Care of the Caregiver

Chronic disease doesn’t just affect the person suffering from the illness. It can also be hugely stressful for their partner whose role becomes one of long term ‘carer’.

“A key factor that can protect ‘carers’ against the stress involved is to perceive their relationship with their ill spouse as an entity in itself, rather than seeing only two individuals.”


Ninety-two people who cared for a chronically ill husband or wife answered questions.

…participants who said being ‘part of a couple’ was central to the way they saw themselves, appeared to be protected from the effects of stressors such as: loss of companionship, feeling unable to cope, and wishing they were free to run away.

That is, among these participants with a strong ‘couple identity’, such stressors appeared to have a far weaker effect on their mental health.

Moreover, feeling part of a couple appeared to accentuate the positive aspects of being a carer, such as having high self-esteem and feeling competent.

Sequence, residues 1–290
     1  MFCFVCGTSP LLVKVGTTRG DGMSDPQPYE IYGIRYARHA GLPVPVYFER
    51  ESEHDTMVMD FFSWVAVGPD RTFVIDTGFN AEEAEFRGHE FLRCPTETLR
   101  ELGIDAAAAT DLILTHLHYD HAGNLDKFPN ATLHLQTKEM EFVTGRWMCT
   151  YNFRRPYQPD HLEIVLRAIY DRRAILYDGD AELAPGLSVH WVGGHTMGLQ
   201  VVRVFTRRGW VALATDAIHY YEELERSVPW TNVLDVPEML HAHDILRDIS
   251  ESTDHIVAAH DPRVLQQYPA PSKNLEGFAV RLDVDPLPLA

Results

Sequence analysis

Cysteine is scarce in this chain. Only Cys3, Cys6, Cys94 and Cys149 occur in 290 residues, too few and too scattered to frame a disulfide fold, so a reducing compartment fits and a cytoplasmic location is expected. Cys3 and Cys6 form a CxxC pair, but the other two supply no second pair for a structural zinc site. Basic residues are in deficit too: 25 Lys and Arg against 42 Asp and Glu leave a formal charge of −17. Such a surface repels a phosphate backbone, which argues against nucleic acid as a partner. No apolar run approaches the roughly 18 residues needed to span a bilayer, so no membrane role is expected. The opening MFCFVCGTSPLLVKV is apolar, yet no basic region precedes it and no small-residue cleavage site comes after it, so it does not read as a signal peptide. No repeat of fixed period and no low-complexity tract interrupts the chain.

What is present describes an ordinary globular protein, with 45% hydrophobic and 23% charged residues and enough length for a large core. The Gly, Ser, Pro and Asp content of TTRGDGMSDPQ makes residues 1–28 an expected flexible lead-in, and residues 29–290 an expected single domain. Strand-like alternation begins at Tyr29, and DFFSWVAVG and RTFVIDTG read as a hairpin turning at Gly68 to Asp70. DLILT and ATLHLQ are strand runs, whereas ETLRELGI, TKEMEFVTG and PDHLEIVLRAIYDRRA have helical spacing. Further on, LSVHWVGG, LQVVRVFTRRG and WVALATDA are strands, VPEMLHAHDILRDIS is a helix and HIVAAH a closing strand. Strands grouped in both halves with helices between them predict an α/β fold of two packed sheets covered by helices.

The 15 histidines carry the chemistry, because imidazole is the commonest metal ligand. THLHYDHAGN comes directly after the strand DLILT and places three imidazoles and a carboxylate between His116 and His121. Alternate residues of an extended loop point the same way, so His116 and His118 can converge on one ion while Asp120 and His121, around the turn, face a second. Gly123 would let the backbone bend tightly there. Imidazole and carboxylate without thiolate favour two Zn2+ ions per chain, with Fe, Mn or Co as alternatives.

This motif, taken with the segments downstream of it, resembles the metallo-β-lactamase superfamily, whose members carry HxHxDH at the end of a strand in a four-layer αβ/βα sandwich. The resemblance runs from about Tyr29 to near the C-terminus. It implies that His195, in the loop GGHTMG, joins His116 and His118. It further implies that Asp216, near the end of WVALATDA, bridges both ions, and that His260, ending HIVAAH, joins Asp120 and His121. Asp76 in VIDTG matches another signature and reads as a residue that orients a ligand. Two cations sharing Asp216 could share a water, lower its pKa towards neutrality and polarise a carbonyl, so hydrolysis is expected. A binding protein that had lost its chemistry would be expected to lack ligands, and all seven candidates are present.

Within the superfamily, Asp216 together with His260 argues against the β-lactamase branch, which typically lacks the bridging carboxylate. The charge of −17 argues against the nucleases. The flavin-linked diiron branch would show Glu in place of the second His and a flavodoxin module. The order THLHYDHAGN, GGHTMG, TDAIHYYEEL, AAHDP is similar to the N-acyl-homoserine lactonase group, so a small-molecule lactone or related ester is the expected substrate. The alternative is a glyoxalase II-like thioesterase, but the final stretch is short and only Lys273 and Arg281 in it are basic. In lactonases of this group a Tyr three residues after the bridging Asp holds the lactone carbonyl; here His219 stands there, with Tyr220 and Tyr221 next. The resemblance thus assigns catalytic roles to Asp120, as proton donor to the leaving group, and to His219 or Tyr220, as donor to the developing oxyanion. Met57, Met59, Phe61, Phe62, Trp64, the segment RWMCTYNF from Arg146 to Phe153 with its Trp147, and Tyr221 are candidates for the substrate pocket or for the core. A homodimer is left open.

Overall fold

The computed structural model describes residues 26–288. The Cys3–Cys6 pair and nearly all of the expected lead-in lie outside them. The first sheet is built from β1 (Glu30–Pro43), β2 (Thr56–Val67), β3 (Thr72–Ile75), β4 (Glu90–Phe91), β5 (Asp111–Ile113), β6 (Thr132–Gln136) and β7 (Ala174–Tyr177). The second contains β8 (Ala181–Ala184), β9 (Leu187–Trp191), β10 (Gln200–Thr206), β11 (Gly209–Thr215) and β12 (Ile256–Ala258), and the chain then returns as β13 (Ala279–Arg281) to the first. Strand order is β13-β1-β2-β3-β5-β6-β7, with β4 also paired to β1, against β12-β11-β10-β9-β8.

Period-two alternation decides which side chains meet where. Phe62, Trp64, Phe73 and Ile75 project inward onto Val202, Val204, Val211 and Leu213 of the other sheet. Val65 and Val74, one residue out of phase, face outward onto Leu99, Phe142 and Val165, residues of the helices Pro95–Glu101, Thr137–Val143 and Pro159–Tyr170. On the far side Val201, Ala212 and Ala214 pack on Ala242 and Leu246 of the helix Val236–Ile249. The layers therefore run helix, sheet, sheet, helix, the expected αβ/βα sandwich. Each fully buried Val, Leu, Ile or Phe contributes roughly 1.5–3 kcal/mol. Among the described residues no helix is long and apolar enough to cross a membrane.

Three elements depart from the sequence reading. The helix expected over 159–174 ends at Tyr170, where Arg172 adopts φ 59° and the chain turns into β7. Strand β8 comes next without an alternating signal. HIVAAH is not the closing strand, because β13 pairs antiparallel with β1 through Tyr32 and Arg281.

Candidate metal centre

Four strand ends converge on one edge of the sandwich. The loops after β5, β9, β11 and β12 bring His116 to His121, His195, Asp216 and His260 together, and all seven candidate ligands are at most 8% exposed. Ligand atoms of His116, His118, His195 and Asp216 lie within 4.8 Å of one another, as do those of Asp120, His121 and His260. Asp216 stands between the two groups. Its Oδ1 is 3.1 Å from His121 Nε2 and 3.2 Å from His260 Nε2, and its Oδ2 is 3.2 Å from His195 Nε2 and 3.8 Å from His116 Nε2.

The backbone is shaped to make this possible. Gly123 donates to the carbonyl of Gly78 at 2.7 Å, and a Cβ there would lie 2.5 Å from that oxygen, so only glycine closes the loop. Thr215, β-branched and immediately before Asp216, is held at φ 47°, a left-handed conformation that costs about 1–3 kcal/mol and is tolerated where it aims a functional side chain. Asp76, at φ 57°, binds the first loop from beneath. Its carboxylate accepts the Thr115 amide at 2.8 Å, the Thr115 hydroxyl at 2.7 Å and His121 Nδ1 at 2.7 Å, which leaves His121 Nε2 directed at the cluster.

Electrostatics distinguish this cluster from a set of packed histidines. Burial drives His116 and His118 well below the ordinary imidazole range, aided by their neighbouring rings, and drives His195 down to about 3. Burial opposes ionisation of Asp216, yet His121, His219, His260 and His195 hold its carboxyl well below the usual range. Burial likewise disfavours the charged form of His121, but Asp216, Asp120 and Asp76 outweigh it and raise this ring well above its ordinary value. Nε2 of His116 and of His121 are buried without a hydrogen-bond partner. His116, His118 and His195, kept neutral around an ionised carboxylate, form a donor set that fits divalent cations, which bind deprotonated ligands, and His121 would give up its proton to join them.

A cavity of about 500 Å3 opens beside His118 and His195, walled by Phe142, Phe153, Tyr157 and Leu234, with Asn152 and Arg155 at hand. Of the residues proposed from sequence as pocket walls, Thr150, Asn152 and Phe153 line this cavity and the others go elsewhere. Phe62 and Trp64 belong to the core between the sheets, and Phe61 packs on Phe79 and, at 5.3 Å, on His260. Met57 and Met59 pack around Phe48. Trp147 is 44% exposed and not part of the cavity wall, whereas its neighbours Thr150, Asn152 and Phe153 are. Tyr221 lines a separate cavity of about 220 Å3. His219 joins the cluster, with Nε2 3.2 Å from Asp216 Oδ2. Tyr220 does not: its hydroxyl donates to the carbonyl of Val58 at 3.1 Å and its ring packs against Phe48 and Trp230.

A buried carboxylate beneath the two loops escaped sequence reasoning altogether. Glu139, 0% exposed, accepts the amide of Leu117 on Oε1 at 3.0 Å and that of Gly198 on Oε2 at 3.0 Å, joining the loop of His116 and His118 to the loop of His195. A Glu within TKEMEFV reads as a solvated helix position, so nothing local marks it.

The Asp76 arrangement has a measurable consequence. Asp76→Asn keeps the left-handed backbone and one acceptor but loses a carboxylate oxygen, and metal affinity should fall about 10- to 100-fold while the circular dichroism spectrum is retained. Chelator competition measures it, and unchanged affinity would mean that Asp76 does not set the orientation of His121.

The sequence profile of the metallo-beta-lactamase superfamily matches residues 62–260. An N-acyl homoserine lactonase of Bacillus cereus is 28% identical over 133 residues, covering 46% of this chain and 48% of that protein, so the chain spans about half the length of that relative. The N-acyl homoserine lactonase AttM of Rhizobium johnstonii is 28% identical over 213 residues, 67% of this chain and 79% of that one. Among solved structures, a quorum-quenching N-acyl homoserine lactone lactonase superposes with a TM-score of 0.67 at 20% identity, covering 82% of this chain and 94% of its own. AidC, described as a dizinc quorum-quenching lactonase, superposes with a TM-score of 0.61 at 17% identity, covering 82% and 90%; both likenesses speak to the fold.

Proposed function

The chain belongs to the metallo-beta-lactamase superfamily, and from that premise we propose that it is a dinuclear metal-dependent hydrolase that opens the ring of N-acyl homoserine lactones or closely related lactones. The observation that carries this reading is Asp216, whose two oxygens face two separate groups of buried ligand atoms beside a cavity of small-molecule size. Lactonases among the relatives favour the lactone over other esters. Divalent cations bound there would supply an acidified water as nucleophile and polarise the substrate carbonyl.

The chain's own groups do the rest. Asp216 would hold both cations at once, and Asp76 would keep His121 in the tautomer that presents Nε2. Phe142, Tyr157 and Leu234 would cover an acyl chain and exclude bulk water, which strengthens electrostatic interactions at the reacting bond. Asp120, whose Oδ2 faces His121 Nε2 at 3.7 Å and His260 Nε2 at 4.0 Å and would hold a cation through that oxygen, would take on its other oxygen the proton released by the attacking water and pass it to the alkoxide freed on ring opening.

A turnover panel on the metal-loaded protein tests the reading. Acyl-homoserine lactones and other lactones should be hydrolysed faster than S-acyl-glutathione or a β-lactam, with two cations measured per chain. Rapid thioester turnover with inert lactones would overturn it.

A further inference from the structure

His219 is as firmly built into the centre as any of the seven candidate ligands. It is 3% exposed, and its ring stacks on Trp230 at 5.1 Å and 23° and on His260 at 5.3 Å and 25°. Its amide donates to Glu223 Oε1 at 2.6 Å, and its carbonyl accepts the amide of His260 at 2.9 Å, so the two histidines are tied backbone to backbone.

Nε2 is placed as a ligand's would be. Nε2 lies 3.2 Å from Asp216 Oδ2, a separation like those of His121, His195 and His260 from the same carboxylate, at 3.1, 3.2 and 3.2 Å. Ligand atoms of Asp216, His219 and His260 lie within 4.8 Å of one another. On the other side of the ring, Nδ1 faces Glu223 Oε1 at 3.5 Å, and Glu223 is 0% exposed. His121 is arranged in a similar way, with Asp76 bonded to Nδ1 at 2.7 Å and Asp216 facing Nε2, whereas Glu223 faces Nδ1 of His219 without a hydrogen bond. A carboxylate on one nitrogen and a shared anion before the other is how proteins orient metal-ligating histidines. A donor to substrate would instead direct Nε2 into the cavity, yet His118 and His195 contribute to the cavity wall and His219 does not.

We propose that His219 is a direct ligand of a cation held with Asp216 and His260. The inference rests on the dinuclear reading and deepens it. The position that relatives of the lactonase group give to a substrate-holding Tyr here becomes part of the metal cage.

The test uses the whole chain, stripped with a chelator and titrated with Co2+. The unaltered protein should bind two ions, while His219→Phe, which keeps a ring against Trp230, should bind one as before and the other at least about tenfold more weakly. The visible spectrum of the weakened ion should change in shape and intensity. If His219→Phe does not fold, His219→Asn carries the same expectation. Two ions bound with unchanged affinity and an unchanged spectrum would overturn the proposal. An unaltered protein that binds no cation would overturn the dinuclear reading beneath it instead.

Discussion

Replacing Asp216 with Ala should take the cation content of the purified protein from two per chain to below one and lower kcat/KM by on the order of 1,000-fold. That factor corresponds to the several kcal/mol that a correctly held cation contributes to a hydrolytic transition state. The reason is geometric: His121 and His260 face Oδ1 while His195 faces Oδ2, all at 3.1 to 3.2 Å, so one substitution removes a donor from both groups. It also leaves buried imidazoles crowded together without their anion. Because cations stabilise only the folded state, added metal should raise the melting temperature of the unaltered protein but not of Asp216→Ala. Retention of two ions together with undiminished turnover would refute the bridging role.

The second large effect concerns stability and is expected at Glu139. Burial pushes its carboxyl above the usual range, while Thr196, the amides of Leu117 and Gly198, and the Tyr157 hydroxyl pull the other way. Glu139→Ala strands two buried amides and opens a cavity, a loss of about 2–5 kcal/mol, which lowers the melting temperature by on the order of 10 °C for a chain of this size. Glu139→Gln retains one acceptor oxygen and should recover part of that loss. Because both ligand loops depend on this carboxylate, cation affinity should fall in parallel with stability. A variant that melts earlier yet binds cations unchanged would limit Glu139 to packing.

“Viewing the relationship as an extension of oneself may help foster a positive mindset about the caregiving experience. BPS Research Digest blog

An issue that is ignored by most friends and family, and by most healthcare professionals, the caregiver can be made ill in the process of providing care.

The condition and competence of a Caregiver is a matter of health and disease too. For caregivers, the stress process is multifaceted. There are primary stressors, deprivation and overload, and secondary stressors, loss of self and captivity.

We need a better focus on the ‘family system’ to help prevent much suffering and loss. Healthcare systems should consider more than the ill patient as part of the disease diagnosis. Today, services are allocated on behalf of the revenue at hand. A better use of our capital in medical care would be to help prevent a future liability from a damaged caregiver.